The Peaceful Transition of Power – Fingers Crossed

Today Joe Biden is to be sworn in as the New (finally) US President. Personally I don’t care if you support Biden or Not. I am just happy after that Incident on Jan 6 that he is actually being sworn in being protected by no less than 24,000 members of The National Guard with Shoot to Kill orders, and unknown number of Law Enforcement… some put that number up by an additional 10,000. Not to mention undercover agents patrolling the crowd, and there numbers for now are being kept secret.

Believe me I could go into the fallout from that incident but I won’t. Just Google it and it is truly amazing.

Personally I will be happy when things get fully back to normal and I could visit DC again.

But I have to address the Giant Orange Baby, and his truly insane followers, many of whom are facing decades in prison, all the while wondering why they weren’t pardon. I heard that one yesterday.

Despite all the rumors/ fears I really hope today is peaceful. To me it’s just plain uncomfortable to know that your boss has called on everyone of his employees to take their gun to work. Yes, I am serious.

To why this article I found a piece on the National Geographic site on other issues when a new President is about to be sworn in, I hope you enjoy.

Outgoing President James Buchanan stood by in 1860 as Southern states prepared to leave the Union, maintaining that it was “beyond the power of any president” to do anything about it—and saddling the incoming Abraham Lincoln with the Civil War. Another lame-duck president deliberately sabotaged an incoming administration and pushed the nation into the economic depression known as the Panic of 1893. The transition during another economic crisis in early 1933 was so bad Congress moved up future inaugurations from March to January.

John Adams and the ‘midnight judges’

In December 1800, Federalist President John Adams had just lost reelection when Supreme Court Chief Justice Oliver Ellsworth resigned his post. With the end of his term only three months away, Adams acted. “Adams did not think of himself as a ‘lame duck,’” writes historian Richard A. Samuelson. “He saw no reason why he should cease to exercise the powers of the office just because he would soon no longer hold them.

Adams and his fellow lame-duck Federalist Congress moved swiftly both to replace the chief justice and reshape the judiciary in line with their vision to expand federal powers over the states. After confirming Secretary of State John Marshall to the Supreme Court, Congress passed the Judiciary Act of 1801 that reduced the Supreme Court from six seats to five and created 16 new federal judgeships. By February 24, Adams had submitted his nominations for those roles—then signed a few other judgeship commissions on March 3, his last day in office. (Why the Supreme Court ended up with nine justices.)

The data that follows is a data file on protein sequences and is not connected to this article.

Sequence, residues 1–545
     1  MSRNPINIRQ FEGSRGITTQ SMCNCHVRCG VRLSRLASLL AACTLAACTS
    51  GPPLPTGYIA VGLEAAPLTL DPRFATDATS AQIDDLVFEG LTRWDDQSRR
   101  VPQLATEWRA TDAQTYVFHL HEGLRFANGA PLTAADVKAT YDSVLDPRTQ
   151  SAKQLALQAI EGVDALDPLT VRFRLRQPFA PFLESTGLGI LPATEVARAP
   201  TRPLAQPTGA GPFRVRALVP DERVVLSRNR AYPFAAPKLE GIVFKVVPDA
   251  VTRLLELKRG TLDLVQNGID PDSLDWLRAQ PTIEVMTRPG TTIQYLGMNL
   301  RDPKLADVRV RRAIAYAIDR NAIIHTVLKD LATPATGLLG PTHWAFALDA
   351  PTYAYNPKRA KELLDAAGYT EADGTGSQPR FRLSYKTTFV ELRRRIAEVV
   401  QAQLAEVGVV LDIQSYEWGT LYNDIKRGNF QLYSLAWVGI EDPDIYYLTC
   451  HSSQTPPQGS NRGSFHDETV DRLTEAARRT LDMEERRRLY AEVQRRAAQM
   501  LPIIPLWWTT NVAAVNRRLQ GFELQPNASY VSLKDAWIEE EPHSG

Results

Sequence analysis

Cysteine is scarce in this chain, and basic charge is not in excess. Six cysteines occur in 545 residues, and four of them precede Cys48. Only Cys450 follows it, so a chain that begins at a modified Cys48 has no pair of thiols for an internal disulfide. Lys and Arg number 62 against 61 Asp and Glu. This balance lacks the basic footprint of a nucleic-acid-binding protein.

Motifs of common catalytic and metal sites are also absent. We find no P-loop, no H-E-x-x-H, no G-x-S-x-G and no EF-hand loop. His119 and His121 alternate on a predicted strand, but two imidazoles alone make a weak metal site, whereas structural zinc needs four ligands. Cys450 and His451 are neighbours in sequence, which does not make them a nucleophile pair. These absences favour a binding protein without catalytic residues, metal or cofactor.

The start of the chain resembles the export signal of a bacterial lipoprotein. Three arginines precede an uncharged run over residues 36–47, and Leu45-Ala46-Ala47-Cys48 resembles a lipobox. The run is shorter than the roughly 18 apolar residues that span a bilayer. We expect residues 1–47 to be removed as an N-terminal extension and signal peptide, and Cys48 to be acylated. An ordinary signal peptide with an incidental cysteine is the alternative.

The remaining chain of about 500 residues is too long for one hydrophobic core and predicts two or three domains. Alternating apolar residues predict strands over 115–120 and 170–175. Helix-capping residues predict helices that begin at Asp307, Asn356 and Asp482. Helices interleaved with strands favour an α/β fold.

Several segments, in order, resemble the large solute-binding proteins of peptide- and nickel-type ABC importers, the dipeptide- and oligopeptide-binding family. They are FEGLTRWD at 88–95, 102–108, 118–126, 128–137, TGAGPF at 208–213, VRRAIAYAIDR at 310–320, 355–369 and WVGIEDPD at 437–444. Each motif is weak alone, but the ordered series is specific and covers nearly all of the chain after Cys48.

Democratic-Republicans, an early political party led by President-elect Thomas Jefferson, were outraged. Seeing these actions as a partisan attempt to pack the court and subvert their agenda, the lawmakers repealed the law before it could go into effect. In the years since, Adams’ last-minute appointments have become known as the “midnight judges”—and a prime example of lame-duck sabotage.

Hostilities between Herbert Hoover and FDR

In 1932, the effects of the Great Depression were rippling across the country when Republican incumbent Herbert Hoover faced off against Democrat Franklin Delano Roosevelt in the presidential election. Roosevelt campaigned and won on “a new deal for the American people” that would ease suffering by expanding the role of the federal government and “distributing wealth and products more equitably.”

Hoover opposed these New Deal policies as a threat to individual liberty—and worked to undermine them before Roosevelt could take office. As historian Eric Rauchway writes, Hoover spent the months following the election trying to persuade Roosevelt to abandon the New Deal and issue public promises to balance the budget. Hoover even asked the President-elect to co-create an economic commission, a move that the New Yorker notes would have allowed Hoover to enact his own agenda before Roosevelt’s term began. Roosevelt declined.

Hoover and Roosevelt didn’t get along personally, either, and had several contentious meetings right up until Inauguration Day on March 4, 1933. But Roosevelt would be the last president to be forced to wait until March to take office: Earlier that year—having already decided that the lame-duck period was too long—the nation ratified the 20th Amendment that moved up Inauguration Day to January 20. (The U.S. has never delayed a presidential election. Here’s why it’s so tricky.)